Background: Sickle cell disease (SCD) is an inherited hematological disorder where the shape of red blood cells is altered, resulting in the destruction of red blood cells, anemia, and other complications. SCD is prevalent in the southern and eastern provinces of the Arabian peninsula. The most common complications for individuals with SCD are acute painful episodes that require several doses of intravenous opioids, making pain control for these individuals challenging. Instead of opioids, some studies have suggested that ketamine might be used for pain control in acute pain episodes of individuals with SCD. This study aims to evaluate whether the addition of ketamine to morphine can achieve better pain control, decreasing the number of repeated doses of opiates. We hypothesize that early administration of ketamine would lead to a more rapid improvement in pain score and lower opioid requirements.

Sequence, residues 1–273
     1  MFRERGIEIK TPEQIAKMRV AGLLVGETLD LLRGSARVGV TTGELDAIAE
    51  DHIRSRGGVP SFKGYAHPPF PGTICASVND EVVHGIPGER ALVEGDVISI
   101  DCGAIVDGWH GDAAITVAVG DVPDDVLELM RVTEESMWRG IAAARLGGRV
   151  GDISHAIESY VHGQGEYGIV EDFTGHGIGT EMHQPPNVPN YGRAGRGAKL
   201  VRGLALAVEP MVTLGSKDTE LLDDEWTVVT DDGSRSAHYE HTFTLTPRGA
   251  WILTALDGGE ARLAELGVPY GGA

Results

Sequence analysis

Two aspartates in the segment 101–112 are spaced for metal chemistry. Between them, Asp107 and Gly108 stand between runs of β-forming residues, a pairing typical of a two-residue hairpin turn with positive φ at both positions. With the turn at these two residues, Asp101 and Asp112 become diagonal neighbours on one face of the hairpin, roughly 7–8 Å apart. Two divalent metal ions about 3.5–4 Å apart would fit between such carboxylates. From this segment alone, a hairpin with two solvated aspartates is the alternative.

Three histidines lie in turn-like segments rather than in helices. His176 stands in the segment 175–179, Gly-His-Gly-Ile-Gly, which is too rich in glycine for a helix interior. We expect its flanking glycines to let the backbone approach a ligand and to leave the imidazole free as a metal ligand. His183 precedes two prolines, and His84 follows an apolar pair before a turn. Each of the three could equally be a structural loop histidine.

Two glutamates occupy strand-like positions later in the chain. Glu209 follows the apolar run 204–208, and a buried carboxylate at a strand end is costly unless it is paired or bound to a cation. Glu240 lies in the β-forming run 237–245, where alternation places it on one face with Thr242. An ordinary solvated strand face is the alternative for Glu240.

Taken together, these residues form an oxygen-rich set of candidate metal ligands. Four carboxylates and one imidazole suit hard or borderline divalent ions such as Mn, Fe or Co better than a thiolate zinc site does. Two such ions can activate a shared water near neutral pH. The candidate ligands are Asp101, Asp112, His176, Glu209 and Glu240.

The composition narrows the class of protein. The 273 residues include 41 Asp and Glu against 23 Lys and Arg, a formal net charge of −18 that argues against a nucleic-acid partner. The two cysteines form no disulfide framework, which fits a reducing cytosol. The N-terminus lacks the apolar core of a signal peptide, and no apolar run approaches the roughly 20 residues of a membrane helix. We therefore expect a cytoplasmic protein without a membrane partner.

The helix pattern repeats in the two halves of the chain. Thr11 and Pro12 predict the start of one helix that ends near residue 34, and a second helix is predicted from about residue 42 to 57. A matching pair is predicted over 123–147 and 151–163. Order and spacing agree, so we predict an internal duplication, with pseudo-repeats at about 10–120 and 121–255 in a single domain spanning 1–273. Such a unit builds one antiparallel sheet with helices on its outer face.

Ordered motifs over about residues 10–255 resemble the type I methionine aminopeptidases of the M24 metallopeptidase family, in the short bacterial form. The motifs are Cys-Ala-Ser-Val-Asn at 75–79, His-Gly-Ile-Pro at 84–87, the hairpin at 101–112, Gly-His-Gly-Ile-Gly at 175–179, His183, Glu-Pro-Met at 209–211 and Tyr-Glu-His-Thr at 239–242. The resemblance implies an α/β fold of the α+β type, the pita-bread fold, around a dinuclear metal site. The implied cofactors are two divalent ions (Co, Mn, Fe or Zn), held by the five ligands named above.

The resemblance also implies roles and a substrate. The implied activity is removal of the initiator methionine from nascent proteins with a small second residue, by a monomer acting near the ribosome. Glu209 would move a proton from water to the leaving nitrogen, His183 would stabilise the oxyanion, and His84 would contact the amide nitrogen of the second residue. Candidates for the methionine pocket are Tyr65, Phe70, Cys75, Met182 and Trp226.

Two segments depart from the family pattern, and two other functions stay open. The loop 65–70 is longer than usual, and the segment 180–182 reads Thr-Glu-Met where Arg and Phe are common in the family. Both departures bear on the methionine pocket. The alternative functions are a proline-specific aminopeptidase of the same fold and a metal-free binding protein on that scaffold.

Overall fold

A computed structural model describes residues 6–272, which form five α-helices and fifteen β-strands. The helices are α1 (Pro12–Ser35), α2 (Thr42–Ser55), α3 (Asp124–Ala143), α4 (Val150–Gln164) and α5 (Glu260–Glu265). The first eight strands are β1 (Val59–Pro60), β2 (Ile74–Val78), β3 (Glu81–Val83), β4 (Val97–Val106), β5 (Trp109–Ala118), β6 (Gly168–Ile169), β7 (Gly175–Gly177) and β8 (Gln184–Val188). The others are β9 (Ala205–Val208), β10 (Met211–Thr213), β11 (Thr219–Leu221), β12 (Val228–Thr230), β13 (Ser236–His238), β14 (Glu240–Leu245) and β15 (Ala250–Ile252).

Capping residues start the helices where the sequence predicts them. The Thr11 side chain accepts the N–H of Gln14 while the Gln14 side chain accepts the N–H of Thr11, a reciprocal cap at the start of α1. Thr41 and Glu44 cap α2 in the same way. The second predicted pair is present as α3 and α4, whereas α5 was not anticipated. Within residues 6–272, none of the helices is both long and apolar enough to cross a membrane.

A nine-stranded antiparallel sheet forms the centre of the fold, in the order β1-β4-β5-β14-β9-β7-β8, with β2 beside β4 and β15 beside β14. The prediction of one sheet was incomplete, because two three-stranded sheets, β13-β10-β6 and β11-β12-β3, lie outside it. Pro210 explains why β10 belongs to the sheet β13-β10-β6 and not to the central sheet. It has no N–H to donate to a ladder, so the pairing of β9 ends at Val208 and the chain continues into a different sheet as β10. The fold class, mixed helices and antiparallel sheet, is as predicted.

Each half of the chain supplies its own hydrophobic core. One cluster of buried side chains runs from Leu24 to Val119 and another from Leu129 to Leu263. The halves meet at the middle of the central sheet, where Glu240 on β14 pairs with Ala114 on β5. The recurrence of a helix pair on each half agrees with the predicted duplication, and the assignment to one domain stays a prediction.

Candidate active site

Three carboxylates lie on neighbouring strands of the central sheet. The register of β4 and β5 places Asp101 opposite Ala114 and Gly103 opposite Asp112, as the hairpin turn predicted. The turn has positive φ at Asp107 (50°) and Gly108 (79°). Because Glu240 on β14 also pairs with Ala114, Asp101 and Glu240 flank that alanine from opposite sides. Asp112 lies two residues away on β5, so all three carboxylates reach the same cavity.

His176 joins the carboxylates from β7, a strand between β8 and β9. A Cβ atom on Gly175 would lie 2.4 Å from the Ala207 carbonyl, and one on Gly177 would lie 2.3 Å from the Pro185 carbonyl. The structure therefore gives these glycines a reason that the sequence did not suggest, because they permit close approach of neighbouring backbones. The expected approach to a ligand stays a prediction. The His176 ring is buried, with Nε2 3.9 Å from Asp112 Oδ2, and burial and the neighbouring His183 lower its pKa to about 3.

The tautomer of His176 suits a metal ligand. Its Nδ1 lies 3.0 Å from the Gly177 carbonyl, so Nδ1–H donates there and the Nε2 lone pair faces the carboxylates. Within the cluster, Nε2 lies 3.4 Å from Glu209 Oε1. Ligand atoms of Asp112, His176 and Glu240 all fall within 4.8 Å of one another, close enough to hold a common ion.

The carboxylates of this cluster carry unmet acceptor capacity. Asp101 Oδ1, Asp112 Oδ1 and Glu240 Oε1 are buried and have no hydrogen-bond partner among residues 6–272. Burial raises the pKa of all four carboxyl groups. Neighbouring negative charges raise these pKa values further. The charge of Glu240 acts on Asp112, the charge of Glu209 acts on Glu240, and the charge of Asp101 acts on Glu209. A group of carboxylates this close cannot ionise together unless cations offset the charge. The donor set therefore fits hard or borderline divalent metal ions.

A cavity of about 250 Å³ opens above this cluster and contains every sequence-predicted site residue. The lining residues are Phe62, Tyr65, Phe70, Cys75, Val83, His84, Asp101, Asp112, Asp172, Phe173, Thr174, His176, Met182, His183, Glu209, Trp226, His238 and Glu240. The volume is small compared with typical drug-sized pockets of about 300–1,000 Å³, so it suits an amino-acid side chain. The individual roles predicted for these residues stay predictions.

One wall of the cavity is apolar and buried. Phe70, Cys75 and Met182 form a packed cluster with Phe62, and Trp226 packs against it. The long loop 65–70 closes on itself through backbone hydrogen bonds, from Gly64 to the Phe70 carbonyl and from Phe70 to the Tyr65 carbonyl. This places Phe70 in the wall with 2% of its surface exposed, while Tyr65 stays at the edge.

Methods and analysis: This study will be a prospective, randomized, concealed, blinded, pragmatic parallel group, controlled trial enrolling adult patients with SCD and acute vaso-occlusive crisis pain. All patients will receive standard analgesic therapy during evaluation. Patients randomized to the treatment arm will receive low-dose ketamine (0.3 mg/kg in 0.9% sodium chloride, 100 ml bag) in addition to standard intravenous hydration, while those in the control group will receive a standard dose of morphine (0.1 mg/kg in 0.9% sodium chloride, 100 ml bag) in addition to the standard intravenous hydration. All healthcare providers will be blinded to the treatment arm. Data will be analyzed according to the intention-to-treat principle. The primary outcome is improvement in pain severity using the Numerical Pain Rating Score.
Trial registration: Clinicaltrials.gov, NCT03431285 . Registered on 13 February 2018.
Keywords: Acute painful crisis; Ketamine; Randomized control trial; Sickle cell disease.